Sunday, April 27, 2008

Generosity, Non-Violence & Non-Cooperation

Having escaped Bombay I'm now in Rishikesh, where this morning I was listening to an old lecture by Jack Kornfield over a second cup of mediocre coffee.

He was discussing the roots of generosity and what that force looks like when turned loose in the greater world. Specifically, he talked about how at its root generosity requires an embrace of all hardships in this world as well as all joys, and it is only through that embrace that we can see and change the greatest of the world's ills. To quote,
"...abundance means the willingness to open to life as it is, to face injustice and suffering. As Martin Luther King (Jr.) wrote, 'We will soon wear you down with our capacity to suffer in the struggle for the rights of others, and with that suffering we will win our freedom and (yours along with it)."
To wear down an oppressor with a capacity to suffer is something worth considering in the context of our current social struggles - from the protests over Tibet, to the war in Iraq and the reality of global warming. The truth of today is that we blame a complacent public, unresponsive governments and a corrupt media system for turning deaf ears to the troubles of the world while each one of us places the preservation of our own comforts and lifestyles before the suffering of the world around us.

Consider the description below of Indian citizens staring down the barrels of British guns during the Quissa Kwani bazaar massacre of the independence movement:
When those in front fell down wounded by the shots, those behind came forward with their chests bared and exposed themselves to the fire, so much so that some people got as many as twenty-one bullet wounds in their bodies, and all the people stood their ground without getting into a panic. . . . The paper of, which represents the official view, itself wrote to the effect that the people came forward one after another to face the firing and when they fell wounded they were dragged back and others came forward to be shot at. This state of things continued from 11 till 5 o'clock in the evening. When the number of corpses became too many, the ambulance cars of the government took them away.
Can we even conceive of such a whole hearted embrace of a cause beyond ourselves?

The fault isn't our own, it simply points to the next great state of embrace required in order to face the problems of a global community and the global solutions we need. The movements led by Gandhi and Martin Luther King Jr. were ones involving nations and race. The challenges of today - from the wars in Iraq, Afghanistan, and the one threatening Iran; to the global issue of climate change - require a new embrace of ourselves first as global citizens and then as citizens of the Earth itself.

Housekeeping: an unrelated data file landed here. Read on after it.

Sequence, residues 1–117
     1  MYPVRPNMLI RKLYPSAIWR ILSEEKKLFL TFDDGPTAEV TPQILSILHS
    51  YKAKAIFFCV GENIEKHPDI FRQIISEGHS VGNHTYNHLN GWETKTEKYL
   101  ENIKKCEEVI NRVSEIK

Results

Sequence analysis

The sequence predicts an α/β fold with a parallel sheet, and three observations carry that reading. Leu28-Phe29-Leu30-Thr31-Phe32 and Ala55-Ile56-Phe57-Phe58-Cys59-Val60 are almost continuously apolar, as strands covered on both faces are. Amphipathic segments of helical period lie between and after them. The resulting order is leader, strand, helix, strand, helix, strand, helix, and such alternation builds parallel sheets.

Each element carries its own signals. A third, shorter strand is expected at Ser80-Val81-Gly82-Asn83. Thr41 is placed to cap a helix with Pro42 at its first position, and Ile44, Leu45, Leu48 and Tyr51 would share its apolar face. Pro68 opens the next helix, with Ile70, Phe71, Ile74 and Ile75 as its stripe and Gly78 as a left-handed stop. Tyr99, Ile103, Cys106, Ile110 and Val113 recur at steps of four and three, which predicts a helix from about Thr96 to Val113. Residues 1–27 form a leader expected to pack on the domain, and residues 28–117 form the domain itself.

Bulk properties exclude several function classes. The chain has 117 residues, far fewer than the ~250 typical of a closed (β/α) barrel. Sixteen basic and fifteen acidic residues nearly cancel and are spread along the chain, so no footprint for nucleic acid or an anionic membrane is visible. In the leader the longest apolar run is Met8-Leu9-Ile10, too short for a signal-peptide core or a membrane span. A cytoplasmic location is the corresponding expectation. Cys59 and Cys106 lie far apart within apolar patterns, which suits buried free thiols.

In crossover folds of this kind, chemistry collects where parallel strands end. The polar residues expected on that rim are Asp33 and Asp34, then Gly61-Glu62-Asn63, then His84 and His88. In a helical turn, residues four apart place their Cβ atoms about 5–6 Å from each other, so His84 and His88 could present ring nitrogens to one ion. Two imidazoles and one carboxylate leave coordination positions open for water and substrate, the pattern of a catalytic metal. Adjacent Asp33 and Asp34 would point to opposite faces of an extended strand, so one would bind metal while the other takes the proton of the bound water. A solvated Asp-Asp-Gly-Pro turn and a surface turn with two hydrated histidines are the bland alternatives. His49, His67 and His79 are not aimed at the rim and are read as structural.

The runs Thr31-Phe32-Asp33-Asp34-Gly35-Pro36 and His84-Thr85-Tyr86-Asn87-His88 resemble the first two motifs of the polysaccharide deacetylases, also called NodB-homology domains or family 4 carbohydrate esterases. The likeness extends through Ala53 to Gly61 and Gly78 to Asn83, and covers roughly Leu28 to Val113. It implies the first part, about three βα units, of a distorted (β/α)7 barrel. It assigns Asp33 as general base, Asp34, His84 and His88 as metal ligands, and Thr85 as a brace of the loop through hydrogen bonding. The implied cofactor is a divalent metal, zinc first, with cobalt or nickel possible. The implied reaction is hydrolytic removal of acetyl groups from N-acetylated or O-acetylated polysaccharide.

Protests of today are seen by the public for what they are, staged events performed for a known audience where all performers - whether activists or police - go home to their televisions and lives after the sun goes down. Our complacency of response is not a social disease. It matches the level of involvement of those who design these displays of non-violence.

We need to understand that in embracing non-violence as our mode of protest, we have abandoned its sibling non-cooperation, and that estrangement is the primary reason for our current failures. At its heart, non-violence smacks of passivity and a passive action can only lead to a passive result. Gandhi himself said that if faced with a decision between passivity and violence he would choose violence every time. Protesting the wrongs of society needs to directly affect the perpetuation of those wrongs. Any action different from that is, by its very nature, passive.

What would happen if the Dalai Lama, the Tibetan government in exile, and the 100,000 Tibetans living in India joined with those who remained in their ancestral home to march upon Beijing itself for the opening of the Olympic games? What if, like that sole protester in Tiananmin Square, they put their lives in the way of Chinese police and guns to peacefully assert their rights over what is theirs?

What would happen if those employed by Exxon, BP and Shell walked out together from their well paying jobs to demand that the people who issue their pay cheques also act in accordance with their desire for a safe and healthy planet?

What would happen if those employed by the US State Department and Defense Department left in unison until the government that offers them the security of employment, also offers their children the security of a safe world?

The answer is that these institutions would be brought to their knees within moments, and it is this power that is the right of all people, that is at the heart of Satyagraha, and forms the greatest fear of the powers that be.

These are not the only possibilities. The solutions for our problems are as limitless as the imaginations of those who conceive of them. However, the common thread is that our actions must match in scope the problems they are meant to solve. Actions must directly affect the problem, those actions must stem from a sense of self and community as large as the challenges they face.

Many will disagree with this, and that is actually a good thing. The difference between the suffering of the world and our resistance in embracing that suffering - that is, to put our own personal safety on the line - defines the growth we need to achieve in order to create the world we desire.

Saturday, April 26, 2008

Beleaguered in Bombay

I love cities. Though I profoundly love nature, I'll always choose to live within the human dense drama of the urban landscape. The bigger the better, and since first visiting there two years ago, Bombay has been one of my favorite cities in the world.

With sixteen million people, water in every direction, and all the chaos that India has to offer, Bombay makes the head spin, the heart hurt and has you running for cover or screaming for more - usually in the same 24 hour day. That said, my most recent visit had me doing far more running for cover than rejoicing. The flu, heat in excess of forty degrees, and an overwhelming dose of human misery and cruelty left me suffering and gladly departing town.